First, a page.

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I am developing a security software and want to obfuscate my java code so it will become impossible to reverse engineer. What is the most reliable java obfuscator ?

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closed as not constructive by Robert Harvey Sep 7 '11 at 22:32

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@Xinus "become impossible to reverse engineer" - hardly, best have tried and failed –  ant Mar 29 '10 at 11:50
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A monkey and an endless supply of bananas. –  Noon Silk Mar 29 '10 at 11:50
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I had some colleagues who created some heavily obfuscated code. But that was not their intention. –  Steve McLeod Mar 29 '10 at 11:53
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It is impossible to avoid reverse engineering. –  Mnementh Mar 29 '10 at 12:39
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@Mnementh: it is enough to make reverse engineering prohibitively expensive for your particular app. –  Dmitry Leskov Apr 8 '10 at 6:05

10 Answers 10

up vote 53 down vote accepted

First, you really need to keep in mind that it's never impossible to reverse-engineer something. Everything is hackable. A smart developer using a smart IDE can already get far enough.

Well, you can find here a list. ProGuard is pretty good. I've used it myself, but only to "minify" Java code.

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@BalusC: So what tool do you use to obfuscate java code? you do obfuscate your java code, dont' you? –  Thinhbk Jun 22 '12 at 10:15

Check out my article Protect Your Java Code - Through Obfuscators And Beyond for a discussion of obfuscation vs three other ways to make the reverse engineering of your apps more expensive, and a collection of links to tools and further reading materials.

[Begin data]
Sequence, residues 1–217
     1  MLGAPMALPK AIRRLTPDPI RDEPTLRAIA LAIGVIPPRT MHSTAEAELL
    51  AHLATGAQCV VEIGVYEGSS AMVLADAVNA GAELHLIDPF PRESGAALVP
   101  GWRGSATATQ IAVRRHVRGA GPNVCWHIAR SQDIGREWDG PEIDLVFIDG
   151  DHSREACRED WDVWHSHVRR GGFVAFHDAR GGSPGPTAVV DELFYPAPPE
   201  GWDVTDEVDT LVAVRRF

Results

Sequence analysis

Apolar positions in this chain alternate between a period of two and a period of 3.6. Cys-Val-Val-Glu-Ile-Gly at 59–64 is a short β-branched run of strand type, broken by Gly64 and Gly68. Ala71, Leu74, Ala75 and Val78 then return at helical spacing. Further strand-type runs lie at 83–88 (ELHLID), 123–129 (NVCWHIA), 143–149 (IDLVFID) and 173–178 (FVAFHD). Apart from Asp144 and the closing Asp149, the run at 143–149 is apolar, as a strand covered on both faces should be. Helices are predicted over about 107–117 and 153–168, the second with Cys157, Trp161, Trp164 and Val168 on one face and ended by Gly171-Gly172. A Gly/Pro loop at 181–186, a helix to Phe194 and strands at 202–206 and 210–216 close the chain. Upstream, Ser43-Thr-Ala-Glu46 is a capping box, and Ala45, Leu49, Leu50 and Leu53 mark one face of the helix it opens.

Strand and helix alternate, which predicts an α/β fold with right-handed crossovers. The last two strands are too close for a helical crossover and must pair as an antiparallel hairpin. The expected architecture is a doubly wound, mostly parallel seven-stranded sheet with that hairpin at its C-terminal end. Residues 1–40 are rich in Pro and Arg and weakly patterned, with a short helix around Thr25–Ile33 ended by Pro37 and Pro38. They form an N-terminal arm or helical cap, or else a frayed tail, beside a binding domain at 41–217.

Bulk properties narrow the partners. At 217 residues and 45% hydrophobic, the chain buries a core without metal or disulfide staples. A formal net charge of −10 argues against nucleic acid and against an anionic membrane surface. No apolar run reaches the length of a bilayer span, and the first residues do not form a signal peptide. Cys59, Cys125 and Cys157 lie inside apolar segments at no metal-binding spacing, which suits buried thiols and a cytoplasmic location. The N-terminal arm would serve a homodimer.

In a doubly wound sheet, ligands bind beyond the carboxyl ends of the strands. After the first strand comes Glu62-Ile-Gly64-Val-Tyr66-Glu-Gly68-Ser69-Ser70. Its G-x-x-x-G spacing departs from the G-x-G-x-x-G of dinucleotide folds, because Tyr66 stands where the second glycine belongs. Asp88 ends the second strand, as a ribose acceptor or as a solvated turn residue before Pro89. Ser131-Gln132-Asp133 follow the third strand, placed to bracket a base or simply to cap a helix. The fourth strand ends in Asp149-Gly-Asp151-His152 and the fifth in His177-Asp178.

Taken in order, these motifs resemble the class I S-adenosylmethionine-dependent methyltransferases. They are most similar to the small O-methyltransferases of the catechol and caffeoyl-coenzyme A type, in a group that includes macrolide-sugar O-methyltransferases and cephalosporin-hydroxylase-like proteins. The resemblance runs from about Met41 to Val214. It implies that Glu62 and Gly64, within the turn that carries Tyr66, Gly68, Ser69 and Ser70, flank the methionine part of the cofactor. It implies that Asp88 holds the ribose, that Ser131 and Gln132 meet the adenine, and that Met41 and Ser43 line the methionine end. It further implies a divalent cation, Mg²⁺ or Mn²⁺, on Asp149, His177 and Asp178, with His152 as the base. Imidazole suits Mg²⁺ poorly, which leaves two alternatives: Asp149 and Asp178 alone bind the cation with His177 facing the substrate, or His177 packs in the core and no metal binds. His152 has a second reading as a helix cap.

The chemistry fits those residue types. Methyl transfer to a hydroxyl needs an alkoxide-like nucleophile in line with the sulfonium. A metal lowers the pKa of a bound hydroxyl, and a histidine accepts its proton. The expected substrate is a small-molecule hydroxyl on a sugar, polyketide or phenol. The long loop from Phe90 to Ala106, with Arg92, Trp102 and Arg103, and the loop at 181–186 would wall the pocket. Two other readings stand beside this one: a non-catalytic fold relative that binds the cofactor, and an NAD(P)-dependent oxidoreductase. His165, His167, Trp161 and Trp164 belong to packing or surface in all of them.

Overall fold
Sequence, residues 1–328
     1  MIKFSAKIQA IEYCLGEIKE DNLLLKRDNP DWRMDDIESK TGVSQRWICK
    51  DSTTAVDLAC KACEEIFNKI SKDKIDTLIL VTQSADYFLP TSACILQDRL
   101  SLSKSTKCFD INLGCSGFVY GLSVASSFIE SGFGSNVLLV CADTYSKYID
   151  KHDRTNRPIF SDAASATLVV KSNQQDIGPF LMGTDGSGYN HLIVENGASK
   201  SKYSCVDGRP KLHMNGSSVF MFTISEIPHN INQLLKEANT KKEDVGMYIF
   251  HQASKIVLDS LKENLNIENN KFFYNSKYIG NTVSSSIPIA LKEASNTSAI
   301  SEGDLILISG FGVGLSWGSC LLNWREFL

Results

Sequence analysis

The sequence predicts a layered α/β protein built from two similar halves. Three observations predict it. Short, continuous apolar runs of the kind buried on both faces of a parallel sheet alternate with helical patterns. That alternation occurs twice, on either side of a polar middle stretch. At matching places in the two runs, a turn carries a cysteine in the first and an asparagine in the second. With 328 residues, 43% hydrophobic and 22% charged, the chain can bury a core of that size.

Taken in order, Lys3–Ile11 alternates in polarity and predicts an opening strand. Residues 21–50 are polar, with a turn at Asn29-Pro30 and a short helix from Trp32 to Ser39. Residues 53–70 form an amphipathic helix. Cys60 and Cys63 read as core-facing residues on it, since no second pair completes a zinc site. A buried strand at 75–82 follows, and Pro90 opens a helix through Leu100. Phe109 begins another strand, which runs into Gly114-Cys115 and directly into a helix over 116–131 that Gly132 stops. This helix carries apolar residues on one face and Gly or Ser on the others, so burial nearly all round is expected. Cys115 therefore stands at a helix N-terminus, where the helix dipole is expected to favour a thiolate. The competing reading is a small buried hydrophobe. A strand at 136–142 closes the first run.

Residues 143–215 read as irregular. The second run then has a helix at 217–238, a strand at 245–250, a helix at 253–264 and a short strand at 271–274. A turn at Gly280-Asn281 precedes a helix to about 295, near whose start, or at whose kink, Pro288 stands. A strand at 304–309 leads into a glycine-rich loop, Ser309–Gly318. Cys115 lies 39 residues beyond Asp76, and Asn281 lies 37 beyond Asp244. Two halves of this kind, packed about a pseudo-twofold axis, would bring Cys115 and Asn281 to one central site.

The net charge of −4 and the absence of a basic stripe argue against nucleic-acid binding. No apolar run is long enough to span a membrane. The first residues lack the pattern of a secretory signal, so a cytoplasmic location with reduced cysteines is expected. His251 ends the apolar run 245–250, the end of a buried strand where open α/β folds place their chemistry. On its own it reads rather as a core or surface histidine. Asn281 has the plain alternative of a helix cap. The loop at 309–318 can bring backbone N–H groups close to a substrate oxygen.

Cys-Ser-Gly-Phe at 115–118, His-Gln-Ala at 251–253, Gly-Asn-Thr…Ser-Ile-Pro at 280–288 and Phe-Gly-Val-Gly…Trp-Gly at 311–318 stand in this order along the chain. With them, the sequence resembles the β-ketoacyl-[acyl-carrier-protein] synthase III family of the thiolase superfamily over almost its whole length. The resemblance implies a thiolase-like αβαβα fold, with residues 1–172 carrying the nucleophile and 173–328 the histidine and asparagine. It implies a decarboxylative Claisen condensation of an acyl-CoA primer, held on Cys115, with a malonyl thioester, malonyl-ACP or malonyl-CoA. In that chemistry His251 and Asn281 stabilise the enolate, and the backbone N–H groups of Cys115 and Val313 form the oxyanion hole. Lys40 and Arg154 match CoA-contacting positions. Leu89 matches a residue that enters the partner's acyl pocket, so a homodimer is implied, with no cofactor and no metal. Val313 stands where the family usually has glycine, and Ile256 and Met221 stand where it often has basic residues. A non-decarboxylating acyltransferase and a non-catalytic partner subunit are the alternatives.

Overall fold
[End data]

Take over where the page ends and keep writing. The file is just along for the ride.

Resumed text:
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thanks for this –  Alextsil May 3 at 15:52

I think that Proguard is the best. It is also possible to integrate it with your IDE (for example NetBeans). However, consider that if you obfuscate your code it could be difficult to track problems in your logs..

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+1 for "consider that if you obfuscate your code it could be difficult to track problems in your logs". Just when you thought that debugging was hard enough... –  Adam Paynter Mar 29 '10 at 11:58
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A good obfuscator that change names and line number information should produce a log with which to reverse the process. This way at least stack traces remain useful for obfuscated binaries. –  Joachim Sauer Mar 29 '10 at 12:06
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ProGuard creates such reverse files for debugging. :-) –  Malax Mar 29 '10 at 14:22

If a computer can run it, a suitably motivated human can reengineer it.

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I used to work with Klassmaster in my previous company and it works really well and can integrate pretty good with build systems (maven support is excellent). But it's not free though.

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As said elsewhere on here, proguard is good, but what might not be known is that there is also a third-party maven plugin for it here http://pyx4me.com/pyx4me-maven-plugins/proguard-maven-plugin/...I've used them both together and they're very good.

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I use it too, and it works well. –  Thinhbk Jun 22 '12 at 10:16

I used Allatori and it did its job pretty well.

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We've had much better luck encrypting the jars rather than obfuscating. We use Classguard.

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If you have not read "Cracking Java byte-code encryption" (javaworld.com/javaworld/javaqa/2003-05/01-qa-0509-jcrypt.html) by Vladimir Roubtsov, you may wish to do that now. –  Dmitry Leskov Apr 8 '10 at 6:00

It is true that it is always possible to reverse engineer some code, just like it is impossible to protect a house in order so nobody can ever steal from it. That does not keep me from locking the door, though. Actually, I am not in the java world, I use BitHelmet for .net.

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+1 to bring you back to net 0. This answer is not unhelpful. –  HaloWebMaster Jun 5 '13 at 20:39

I don't know for sure if the solution is safe, but about the ClassGuard solution, it's interesting to read the article and the comment at: http://www.javaworld.com/community/?q=node/1604#comment-12296

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And another alternative that also uses native code instead of defineClass is JarCrypt –  Renato Sep 2 '11 at 21:28
    
An article teaching how to crack ClassGuard: setrst.blogspot.com/2010/04/classguard-unguarded.html. I just don't know if this still works on the latest version. –  Renato Sep 2 '11 at 21:40

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